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Journal of Traditional Medicine & Clinical Naturopathy
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Marine Invertebrates as Potential Source of MNPs

Pankaj Gupta*

School of Medical and Allied Sciences, K. R. Mangalam University, Gurgaon, Haryana, India

*Corresponding Author:
Dr. Pankaj Gupta
Assistant Professor, School of Medical and Allied Sciences
K. R. Mangalam University, Sohna Road, Gurgaon-122103
Haryana, India
Tel: +91-11-9818256122
E-mail: [email protected]

Received date: July 24, 2017; Accepted date: July 27, 2017; Published date: August 08, 2017

Citation: Gupta P (2017) Marine Invertebrates as Potential Source of MNPs. J Tradit Med Clin Natur 6:e137.

Copyright: © 2017 Gupta P. This is an open-access article distributed under the terms of the Creative Commons Attribution License, which permits unrestricted use, distribution, and reproduction in any medium, provided the original author and source are credited.

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Editorial

Marine invertebrates comprise of several different phyla viz. Mollusca, Porifera, Cnidaria, Annelida, Bryozoa, Arthropoda, Echinodermata and each phylum comprises of various number of species. Marine natural products are basically the secondary metabolites that evolve majorly as a result of defence reaction of the species especially when in danger, against the predators [1]. Marine invertebrates such as sponges, soft corals or shell-fewer molluscs usually lack physical defences like protective shells or spines, thus necessitating chemical defence mechanisms such as the ability to synthesize toxic and/or deterrent compounds which deter predators by keeping competitors at bay or by paralyzing their prey. Examples of fish deterrent natural products from marine invertebrates include the pyridoacrinidine alkaloids kuanoniamine C and D from the sponge Oceanapia sp., the furanocembranolide 11β, 12β-epoxypukalide produced by Brazilian octocoral Phyllogorgia dilatata or the furanosesterpene variabilin of the Carribean sponge Ircinia strobilina.

Several secondary metabolites from marine species have been extracted and have been reported to possess immense pharmacological actions till date. However, the secondary metabolites from marine sources are being searched upon for finding newer drugs with higher potency and efficacy by the researcher’s world over. A scientific survey conducted in 2011 described that nearly 20000 MNPs have been isolated from all marine organisms till date and around 75% of them are from marine invertebrates. As marine invertebrates comprise of various number of unexplored marine species, therefore, this group is being looked upon potentially for the search of newer secondary metabolites with pharmacological efficacies and therefore, from marine toxins that impact public health concerns to the search for new drugs from the sea, the study of biologically active MNPs has profoundly influenced the course of discovery in fields ranging from pharmacology to cancer medicine.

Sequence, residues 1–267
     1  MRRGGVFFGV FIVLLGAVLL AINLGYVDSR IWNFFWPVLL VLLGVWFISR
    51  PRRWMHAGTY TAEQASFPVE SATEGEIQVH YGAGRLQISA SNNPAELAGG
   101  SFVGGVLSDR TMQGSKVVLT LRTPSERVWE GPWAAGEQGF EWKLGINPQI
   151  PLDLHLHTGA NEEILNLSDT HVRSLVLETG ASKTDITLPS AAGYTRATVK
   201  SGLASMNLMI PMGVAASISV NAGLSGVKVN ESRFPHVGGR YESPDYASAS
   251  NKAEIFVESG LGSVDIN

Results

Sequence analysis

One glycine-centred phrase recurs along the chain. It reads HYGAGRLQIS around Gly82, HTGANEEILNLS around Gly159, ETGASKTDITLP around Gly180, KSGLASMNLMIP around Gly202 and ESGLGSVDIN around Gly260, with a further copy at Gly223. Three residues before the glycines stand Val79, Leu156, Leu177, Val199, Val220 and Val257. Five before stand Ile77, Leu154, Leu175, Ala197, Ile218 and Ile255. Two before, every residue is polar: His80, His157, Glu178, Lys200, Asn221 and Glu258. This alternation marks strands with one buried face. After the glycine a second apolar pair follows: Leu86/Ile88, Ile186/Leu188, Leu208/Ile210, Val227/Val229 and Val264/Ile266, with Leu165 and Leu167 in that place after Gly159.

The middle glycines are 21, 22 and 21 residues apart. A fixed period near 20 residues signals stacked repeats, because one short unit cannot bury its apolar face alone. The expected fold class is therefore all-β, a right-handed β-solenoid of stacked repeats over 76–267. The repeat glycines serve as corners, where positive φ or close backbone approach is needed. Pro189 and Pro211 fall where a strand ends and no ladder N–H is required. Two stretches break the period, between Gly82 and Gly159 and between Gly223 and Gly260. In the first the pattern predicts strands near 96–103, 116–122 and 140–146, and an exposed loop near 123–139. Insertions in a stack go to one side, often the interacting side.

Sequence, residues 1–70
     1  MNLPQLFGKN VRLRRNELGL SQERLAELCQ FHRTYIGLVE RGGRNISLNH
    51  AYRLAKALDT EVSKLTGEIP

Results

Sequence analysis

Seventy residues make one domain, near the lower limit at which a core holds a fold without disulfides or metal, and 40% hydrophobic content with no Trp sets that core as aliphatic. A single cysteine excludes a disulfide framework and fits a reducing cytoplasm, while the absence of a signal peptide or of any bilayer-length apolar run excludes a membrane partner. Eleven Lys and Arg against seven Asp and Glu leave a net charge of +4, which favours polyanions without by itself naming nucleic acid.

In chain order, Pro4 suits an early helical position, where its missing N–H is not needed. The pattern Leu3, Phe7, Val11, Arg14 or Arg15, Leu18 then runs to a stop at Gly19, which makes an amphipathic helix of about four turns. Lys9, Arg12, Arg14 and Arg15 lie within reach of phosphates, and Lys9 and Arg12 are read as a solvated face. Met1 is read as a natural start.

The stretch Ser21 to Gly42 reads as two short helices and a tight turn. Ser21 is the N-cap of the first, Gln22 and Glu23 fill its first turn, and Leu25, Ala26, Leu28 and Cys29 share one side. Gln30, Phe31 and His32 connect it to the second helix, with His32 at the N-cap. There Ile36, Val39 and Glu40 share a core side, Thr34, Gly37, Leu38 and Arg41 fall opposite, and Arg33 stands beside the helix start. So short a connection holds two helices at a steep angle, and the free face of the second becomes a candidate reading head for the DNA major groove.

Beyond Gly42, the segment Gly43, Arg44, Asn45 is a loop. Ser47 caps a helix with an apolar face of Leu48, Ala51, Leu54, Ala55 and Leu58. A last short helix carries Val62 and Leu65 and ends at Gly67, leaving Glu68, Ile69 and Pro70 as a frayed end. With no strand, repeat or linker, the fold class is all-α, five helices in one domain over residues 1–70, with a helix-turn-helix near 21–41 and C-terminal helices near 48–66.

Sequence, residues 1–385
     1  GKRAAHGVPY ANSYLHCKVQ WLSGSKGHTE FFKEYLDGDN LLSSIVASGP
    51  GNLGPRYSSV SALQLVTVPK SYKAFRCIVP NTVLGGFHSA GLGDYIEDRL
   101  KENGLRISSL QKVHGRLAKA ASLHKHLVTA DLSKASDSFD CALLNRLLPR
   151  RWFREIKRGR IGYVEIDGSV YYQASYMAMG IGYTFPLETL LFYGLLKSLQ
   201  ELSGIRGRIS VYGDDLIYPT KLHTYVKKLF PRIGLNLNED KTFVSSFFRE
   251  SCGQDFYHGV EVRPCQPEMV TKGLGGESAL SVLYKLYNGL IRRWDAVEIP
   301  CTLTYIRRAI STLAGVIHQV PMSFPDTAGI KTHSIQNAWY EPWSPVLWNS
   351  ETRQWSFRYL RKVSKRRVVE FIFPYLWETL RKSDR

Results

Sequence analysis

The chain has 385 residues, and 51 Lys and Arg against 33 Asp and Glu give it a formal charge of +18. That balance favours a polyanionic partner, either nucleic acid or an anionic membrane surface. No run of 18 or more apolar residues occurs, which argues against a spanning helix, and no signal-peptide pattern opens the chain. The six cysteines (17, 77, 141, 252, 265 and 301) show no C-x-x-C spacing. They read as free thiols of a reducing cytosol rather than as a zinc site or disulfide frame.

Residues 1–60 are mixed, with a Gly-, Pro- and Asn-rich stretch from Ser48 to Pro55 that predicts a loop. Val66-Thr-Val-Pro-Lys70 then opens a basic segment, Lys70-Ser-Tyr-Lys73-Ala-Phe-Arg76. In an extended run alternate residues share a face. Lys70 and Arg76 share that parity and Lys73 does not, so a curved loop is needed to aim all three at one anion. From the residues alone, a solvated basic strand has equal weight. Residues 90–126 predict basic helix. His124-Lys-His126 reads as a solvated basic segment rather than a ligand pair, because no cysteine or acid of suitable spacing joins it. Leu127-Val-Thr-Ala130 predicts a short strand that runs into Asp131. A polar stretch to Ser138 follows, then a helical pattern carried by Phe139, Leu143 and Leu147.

Drugs from marine source have been traditionally used worldwide since ancient times and include examples like sponges that have been used to treat dysentery and diarrhea, essences from gastropod were used in perfume and incense, snails were a source of blue and purple dyes etc. Pearl oysters are considered to possess antacid and tonic properties and in combination with other medicines, they are prescribed in treating tuberculosis, jaundice, dyspepsia and urinary complaints [2]. Also, the molluscan species have been strongly recommended nutraceutically as dietary supplements containing natural taurine that developed from Pacific oyster Crassostrea gigas powder for treating liver disorders, arthritis and skin problems.

Till date, among all the species belonging to marine invertebrates, maximum numbers of pharmacologically potent MNPs have been obtained from sponges which belong to the phyla Porifera and the entire range of MNPs reported from the marine invertebrate group have shown profound pharmacological and biological effects with activities ranging from antimicrobial, antioxidant, antihypertensive, anticoagulant, anticancer, anti-inflammatory, wound healing to immunomodulators and other medicinal benefits. These MNPs are found as secondary metabolites of marine invertebrates, particularly sponges, bryozoans, tunicates and ascidians. Therefore, the interest in the marine environment has been stimulated by the array of biological activities observed with the MNPs from marine invertebrates, pressing need for their detailed chemical, biological and pharmacological investigations.

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